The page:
When I take a minute to explain my journey to the girls, I don’t just tell them the good stuff. I also make sure that they understand that there is another side to life and my other side is this.
And now for the Downs… [06:15]
When I was 11 I was told that my father was an alcoholic. This was after owning the nightclub and having lots of amazing fun and adventures, and it came as a very total surprise to 11 year old me and I didn’t quite understand what it meant, but we did shortly afterwards separate from Dad and moved out. When I was a month away from turning 13 and I was starting high school, the next town over with none of my primary school friends, my father died suddenly from complications arising from alcoholism, so that was a challenging start to high school, I would say.
By Grade nine, I was suffering rather debilitating bullying. I was taunted for my over-developed academic abilities and over-developed female physique. I won’t repeat the language that the girls used to use – and the boys – but it related to the chest region, and it was certainly not complimentary.
At my last Year 12 graduation party that I was due to attend a really close male friend of mine and I finally found a corner and confessed our true feelings for each other. After being close friends for the last few years of high school, we mapped out a very exciting young love plan, moving Interstate together and finally sort of see where that might go. Only to then for me to wake up the next day and find out that he had actually been involved in a horrific drink driving accident and after nearly dying was now, and continues to be, a C4 paraplegic. We did actually end up together for nearly a year while he was through the worst of his recovery. But, to be honest, I was 18, living away from home for the first time, trying to uphold a 75% minimum on my scholarship and dealing with what is has to be some of the most heavy emotions you can deal with at any age, really, and so, needless to say, that did break apart and broke hearts along the way.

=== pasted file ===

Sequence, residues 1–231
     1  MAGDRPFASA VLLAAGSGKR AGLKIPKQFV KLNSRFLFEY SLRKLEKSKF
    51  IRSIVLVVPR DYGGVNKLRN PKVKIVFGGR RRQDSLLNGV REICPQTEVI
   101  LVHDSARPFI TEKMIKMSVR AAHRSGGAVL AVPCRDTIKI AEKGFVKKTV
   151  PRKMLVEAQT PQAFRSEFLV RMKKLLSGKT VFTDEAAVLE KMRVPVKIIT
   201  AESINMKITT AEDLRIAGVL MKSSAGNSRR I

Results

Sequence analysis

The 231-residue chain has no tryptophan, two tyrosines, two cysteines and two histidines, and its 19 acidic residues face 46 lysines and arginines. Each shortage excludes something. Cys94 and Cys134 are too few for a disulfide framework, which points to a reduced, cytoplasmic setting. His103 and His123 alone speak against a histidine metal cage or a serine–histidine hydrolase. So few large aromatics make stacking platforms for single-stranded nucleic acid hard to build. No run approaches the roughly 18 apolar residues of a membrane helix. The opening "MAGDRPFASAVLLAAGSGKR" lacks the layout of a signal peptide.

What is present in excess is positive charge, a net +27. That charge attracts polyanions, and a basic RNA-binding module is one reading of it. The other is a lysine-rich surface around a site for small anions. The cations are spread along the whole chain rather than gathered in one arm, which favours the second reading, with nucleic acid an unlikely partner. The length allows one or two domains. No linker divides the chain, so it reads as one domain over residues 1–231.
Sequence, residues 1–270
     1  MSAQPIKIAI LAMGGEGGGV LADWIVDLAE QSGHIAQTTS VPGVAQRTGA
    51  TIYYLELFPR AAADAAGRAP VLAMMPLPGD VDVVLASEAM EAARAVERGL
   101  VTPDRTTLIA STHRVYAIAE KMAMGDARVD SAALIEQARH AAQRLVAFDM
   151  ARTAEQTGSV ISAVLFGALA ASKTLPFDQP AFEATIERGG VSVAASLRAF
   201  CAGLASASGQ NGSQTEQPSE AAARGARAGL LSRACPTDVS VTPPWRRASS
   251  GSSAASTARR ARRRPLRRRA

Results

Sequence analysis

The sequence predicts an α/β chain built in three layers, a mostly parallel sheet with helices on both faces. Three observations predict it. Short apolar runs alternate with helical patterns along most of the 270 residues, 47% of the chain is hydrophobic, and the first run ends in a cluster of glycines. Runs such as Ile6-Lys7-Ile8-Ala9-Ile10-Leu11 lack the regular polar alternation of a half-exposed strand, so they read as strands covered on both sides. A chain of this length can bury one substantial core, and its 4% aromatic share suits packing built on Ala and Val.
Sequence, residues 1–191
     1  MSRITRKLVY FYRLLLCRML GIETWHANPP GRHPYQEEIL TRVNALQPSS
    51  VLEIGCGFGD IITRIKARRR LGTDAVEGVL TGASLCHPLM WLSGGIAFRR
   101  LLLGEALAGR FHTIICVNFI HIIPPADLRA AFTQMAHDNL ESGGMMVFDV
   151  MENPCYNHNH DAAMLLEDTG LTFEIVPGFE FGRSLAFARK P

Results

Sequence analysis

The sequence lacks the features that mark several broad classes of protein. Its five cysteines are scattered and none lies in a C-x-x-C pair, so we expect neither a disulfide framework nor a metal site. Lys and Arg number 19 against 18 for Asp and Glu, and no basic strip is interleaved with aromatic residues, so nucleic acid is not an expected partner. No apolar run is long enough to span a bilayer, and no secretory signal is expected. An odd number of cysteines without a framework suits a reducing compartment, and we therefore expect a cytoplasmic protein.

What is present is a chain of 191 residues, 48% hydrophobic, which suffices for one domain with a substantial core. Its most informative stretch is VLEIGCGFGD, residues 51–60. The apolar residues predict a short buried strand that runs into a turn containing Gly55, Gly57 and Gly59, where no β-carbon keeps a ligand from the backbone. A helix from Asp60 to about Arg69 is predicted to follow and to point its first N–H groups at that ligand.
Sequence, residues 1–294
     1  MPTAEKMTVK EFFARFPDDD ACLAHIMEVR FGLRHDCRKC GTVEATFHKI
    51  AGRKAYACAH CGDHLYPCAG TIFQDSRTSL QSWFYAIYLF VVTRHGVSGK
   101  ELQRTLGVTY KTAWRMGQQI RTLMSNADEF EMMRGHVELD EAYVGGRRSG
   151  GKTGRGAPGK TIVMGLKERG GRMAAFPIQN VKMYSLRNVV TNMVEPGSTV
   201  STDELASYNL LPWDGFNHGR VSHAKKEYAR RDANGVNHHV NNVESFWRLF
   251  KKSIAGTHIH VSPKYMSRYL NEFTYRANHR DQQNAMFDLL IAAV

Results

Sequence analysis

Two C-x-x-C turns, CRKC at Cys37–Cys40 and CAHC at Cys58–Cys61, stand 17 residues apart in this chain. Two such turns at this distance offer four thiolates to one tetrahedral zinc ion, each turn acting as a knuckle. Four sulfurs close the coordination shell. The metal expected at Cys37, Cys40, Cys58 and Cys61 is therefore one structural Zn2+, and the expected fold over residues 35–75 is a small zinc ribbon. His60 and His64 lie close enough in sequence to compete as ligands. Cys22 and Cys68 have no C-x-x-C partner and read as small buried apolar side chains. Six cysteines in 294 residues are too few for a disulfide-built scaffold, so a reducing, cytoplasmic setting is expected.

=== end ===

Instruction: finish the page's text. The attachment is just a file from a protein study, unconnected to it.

The early parts of my career went as they said in Sydney, but the spontaneous move to the UK wasn’t on as free of a whim as I made it sound, basically I was trying to escape pretty certain mental breakdown. I was pushing myself incredibly hard, working about 70-hour weeks in the advertising world, trying to prove myself, trying to maintain my high standards, and really had just reached breaking point and literally walked up the road Kings Cross Flight Centre one day, hand my credit card and said, I need to get out of here and booked a plane to London, walked down the road and resigned. It’s not a suggested technique, but it was what I needed to do at the time. I ran out of money within the first six weeks of moving to London, the exchange rates were horrific, and I then went on the witness two violent muggings in the area I had chosen to live. So that was a super start to living in the UK.